Potential readers should be aware that Lewis’s primary goal is that of an historian: to situate eighteenth-century disputes between Methodists and anti-Methodists in their larger historical context, and to show that these disputes did not arise in a vacuum, but were the latest chapter in (as Lewis calls it) the Church of England’s struggle to define itself theologically, “illuminating the highly contested status, purpose, and meaning of the Reformation in eighteenth-century England” (165). He therefore does not attempt to adjudicate between the different factions, opting to summarize and exposit (rather than critically evaluate) polemical works authored by Wesley, Whitefield, and a variety of anti-Methodists. In short, anyone who wishes to learn more about the nature of eighteenth-century opposition to Methodism will find this book informative. On the other hand, those who are more interested in weighing the actual merits of Methodism vs. Anglicanism will want to look elsewhere.

That said, I will venture a couple of comments myself, drawing on one example from Lewis’s analysis. In his chapter on justification, he writes that “the Restoration Church of England placed ‘moralism’ firmly at the centre of its ethos” (37). Here “moralism” refers specifically to the idea that works are a condition of justification, taught by (among others) Bishop George Bull and Bishop Edmund Gibson (37‒38). On this view, Paul’s claim that we are justified apart from works only excludes what Bull calls works of “‘the Mosaic Law’” (38), or in Bishop George Horne’s phrase, “‘heathen and Jewish works…performed without the grace of Christ’” (51, italics original). John Wesley, in contrast, maintained that works were not a condition of “initial justification,” i.e., conversion, though he also affirmed that works were a condition of “ultimate justification,” i.e., salvation (37, italics original). Yet the former position was enough for Thomas Church to accuse him of “unwittingly spreading Calvinistic soteriology” (50).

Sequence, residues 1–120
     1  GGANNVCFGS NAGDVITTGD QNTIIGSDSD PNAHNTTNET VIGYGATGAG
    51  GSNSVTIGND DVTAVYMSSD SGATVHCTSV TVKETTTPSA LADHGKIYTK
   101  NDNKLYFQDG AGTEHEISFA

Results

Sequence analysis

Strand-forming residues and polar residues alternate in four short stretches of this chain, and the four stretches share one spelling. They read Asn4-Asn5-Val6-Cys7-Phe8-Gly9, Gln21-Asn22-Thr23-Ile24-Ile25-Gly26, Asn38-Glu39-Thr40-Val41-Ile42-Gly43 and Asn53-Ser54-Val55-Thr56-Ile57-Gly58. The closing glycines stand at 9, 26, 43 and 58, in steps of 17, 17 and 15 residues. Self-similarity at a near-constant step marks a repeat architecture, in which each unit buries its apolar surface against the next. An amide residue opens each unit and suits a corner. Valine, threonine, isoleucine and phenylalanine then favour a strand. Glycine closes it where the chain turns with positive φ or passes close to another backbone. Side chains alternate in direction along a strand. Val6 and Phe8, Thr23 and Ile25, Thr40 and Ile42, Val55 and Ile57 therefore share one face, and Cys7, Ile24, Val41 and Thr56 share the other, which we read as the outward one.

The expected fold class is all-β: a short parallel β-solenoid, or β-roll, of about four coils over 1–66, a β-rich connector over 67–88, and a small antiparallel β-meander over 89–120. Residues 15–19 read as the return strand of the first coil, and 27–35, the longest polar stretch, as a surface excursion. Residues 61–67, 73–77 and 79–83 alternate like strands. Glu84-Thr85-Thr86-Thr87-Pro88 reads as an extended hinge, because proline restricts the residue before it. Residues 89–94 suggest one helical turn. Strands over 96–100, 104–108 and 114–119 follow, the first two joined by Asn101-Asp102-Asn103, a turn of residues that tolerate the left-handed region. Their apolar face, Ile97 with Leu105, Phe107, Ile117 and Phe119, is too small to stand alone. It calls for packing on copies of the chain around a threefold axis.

This idea of works being a condition for either conversion or “ultimate justification” seems more than a bit evocative of the New Perspective on Paul (which, apparently, was not new even in the 1970s). I found my sympathies going to neither the Methodists nor the anti-Methodists, but to the “Reformed clergymen” mentioned briefly in passing by Lewis (Bishop William Beveridge, Thomas Barlow, and Thomas Tully), who “believed that [the biblical book of] James had described works, not as a condition of justification, but rather as evidence of its occurrence” (38, italics original).

I dwell on this example in order to illustrate that successfully establishing the theological character of eighteenth-century anti-Methodism, as Lewis does, perhaps does not serve to rehabilitate the period as much as might be thought. Incidental as this observation may be to Lewis’s project, it was nevertheless the most lasting impression the book left on me.

James Clark

James Clark is the Book Review Editor at The North American Anglican. His writing has appeared in Cranmer Theological Journal, Journal of Classical Theology, and American Reformer, as well as other publications.

'Book Review: “Anti-Methodism and Theological Controversy”' has 1 comment

  1. June 6, 2022 @ 4:28 pm Sudduth Rea Cummings

    It’s one of the great tragedies of ecclesiastical and theological history that the Methodists thought it necessary to leave the Church of England (and hence Anglicanism). If John and Charles Wesley had their way this would never have happened. It seems obvious that any kind of formal ecclesiastical reconciliation/reunion would be feasible now which is simply another reason for grieving.